Researchers tested building materials to see how they perform during major earthquakes Monday at the University of California, San Diego’s Englekirk Structural Engineering Research Center.
Results of the test will help generate revisions to the building code and ensure homes are safer and sturdier in earthquake prone regions, said Richard Klinger, a civil engineering professor at the University of Texas at Austin.
Klinger was among the professors and graduate students hailing from universities nationwide, collaborating to design and execute the test. The $950,000 project was funded by the National Science Foundation and the National Concrete Masonry Association.
During the test, a single-story home similar in construction to many homes in San Diego, rattled atop a “shake table” as a simulated magnitude 6.6 earthquake struck. Moments after the shaking began, the brick veneer of one of the four walls crumbled, revealing the wood-stud frame and gypsum wallboard.
Different ties were used to link brick masonry to the wooden frame on two opposing walls. Both sides were designed to meet current building codes, which require homes be designed to withstand a 6.6 quake, Klinger said.
The ties used on the left side were slightly thinner and more flexible than the ties used on the right side of the building, said Terry Curtis, chief executive officer of Heckman Building Products Inc., a manufacturer of masonry anchors and ties. However the ties used on the left side are more commonly used in home construction in seismically active California.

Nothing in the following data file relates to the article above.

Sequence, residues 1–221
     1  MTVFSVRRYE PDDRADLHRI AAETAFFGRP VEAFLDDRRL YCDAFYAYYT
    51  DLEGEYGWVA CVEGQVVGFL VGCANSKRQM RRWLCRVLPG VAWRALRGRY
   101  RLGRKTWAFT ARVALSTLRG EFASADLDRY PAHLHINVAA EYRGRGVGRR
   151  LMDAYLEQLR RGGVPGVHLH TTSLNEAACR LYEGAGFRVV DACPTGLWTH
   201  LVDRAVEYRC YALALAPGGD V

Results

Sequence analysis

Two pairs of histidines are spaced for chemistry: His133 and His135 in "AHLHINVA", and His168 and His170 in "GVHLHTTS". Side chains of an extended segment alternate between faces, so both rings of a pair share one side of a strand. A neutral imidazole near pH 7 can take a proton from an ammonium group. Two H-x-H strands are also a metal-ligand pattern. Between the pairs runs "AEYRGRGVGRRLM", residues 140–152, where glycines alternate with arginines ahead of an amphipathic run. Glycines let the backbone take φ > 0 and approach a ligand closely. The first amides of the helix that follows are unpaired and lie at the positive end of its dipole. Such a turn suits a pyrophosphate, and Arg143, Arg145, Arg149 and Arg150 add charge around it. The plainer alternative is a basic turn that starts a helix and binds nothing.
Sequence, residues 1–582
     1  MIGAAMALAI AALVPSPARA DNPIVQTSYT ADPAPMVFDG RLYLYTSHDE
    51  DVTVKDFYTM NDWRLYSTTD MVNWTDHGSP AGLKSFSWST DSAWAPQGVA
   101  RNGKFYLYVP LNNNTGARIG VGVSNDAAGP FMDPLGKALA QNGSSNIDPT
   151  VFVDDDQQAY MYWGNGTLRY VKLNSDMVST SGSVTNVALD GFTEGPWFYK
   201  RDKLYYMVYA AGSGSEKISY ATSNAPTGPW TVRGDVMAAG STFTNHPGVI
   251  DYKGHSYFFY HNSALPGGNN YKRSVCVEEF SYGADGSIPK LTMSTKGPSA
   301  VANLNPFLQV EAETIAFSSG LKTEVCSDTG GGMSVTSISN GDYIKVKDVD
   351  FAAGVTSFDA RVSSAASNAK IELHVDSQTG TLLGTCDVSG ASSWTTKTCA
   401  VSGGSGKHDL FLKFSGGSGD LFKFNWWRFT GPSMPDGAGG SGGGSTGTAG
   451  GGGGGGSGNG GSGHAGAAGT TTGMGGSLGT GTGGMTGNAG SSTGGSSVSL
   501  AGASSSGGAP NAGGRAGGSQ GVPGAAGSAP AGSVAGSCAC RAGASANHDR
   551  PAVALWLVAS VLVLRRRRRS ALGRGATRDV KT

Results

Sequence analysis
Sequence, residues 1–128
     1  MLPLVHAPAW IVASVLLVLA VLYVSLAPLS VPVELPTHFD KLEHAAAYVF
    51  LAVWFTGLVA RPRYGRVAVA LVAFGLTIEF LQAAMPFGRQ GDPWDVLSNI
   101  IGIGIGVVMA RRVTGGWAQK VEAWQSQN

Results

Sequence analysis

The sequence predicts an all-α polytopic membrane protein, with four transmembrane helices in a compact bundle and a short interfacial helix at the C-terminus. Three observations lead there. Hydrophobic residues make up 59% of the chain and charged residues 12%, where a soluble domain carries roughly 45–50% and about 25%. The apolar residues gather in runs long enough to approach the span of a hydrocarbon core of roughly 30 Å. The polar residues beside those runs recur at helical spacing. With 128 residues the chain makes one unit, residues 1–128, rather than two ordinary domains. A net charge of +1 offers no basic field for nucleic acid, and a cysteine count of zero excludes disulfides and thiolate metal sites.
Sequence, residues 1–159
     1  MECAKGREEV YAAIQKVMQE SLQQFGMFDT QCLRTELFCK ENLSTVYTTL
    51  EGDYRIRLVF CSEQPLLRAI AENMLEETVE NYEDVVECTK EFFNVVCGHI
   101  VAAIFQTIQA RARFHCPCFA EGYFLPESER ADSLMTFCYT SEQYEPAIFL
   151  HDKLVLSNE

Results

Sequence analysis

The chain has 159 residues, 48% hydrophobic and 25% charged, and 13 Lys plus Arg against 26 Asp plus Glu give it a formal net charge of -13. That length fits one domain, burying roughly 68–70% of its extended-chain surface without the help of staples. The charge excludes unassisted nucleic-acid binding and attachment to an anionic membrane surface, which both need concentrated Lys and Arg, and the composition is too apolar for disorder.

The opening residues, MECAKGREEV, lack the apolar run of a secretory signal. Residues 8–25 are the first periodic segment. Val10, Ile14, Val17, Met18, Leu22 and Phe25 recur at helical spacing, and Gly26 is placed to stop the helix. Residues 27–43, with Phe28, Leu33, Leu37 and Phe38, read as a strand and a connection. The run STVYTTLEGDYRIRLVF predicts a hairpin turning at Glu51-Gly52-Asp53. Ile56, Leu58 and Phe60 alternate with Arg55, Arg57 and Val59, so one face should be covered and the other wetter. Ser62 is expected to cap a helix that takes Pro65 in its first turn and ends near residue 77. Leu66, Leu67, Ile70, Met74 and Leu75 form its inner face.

Klinger was surprised the wall did not withstand the quake. Based on the sophisticated models and calculations generated by researchers, the wall was expected to stand strong through the 6.6 magnitude test and topple during a later 6.8 magnitude test.
Each time magnitude increases by 0.1, the intensity of an earthquake increases 10 times. The devastating Northridge earthquake in 1994 registered a 6.7 magnitude.
Researchers later tested the structure’s strength with a quake more intense than Northridge. A 6.8 magnitude earthquake has a 2 percent likelihood of striking in the region within 50 years. An earthquake of that intensity typically occurs once in 2,500 years, said Seong Woo Jo, a student working toward his doctorate degree at University of Texas at Austin.
When hit by the simulated 6.8 quake, the remaining masonry on the partially collapsed wall also crumbled, landing in a pile of mortar and bricks.
The test of the standard construction home was the first of its kind in the world, and is likely to help develop better homebuilding methods, said Mark McGinley, a professor of civil and environmental engineering at the University of Louisville.
“We want to learn how we can change how we build it, to make walls perform even better,” McGinley said.
Video: UCSD's earthquake simulation
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